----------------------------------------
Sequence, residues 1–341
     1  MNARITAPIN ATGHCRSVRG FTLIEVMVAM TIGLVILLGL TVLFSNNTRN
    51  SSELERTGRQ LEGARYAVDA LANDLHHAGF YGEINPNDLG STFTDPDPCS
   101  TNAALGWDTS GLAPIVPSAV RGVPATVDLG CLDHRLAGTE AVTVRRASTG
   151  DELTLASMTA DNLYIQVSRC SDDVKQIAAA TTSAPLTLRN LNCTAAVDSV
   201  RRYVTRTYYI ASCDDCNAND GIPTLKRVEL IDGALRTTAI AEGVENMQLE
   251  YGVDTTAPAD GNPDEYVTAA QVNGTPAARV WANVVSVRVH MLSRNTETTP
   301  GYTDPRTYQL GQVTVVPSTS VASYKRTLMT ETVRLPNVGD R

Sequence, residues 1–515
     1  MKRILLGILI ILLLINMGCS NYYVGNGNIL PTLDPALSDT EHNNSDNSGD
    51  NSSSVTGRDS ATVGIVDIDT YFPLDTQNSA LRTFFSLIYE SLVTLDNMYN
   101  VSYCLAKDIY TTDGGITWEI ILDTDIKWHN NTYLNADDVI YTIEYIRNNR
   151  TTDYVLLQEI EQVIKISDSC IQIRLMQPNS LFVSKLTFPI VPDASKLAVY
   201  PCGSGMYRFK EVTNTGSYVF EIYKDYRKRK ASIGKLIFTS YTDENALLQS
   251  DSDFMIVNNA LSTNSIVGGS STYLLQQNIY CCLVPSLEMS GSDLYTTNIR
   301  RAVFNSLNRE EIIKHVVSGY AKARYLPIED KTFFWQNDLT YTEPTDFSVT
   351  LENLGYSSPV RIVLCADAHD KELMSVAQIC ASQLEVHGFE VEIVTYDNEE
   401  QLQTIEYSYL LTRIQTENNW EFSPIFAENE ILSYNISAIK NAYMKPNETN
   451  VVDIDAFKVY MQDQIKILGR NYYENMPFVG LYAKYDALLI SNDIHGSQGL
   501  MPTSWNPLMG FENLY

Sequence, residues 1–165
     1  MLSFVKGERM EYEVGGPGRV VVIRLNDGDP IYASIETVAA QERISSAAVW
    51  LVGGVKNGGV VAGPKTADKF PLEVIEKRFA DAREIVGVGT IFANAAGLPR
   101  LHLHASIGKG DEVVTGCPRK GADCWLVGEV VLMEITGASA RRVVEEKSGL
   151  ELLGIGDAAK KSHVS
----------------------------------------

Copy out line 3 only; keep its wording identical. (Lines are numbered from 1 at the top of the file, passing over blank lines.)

    51  SSELERTGRQ LEGARYAVDA LANDLHHAGF YGEINPNDLG STFTDPDPCS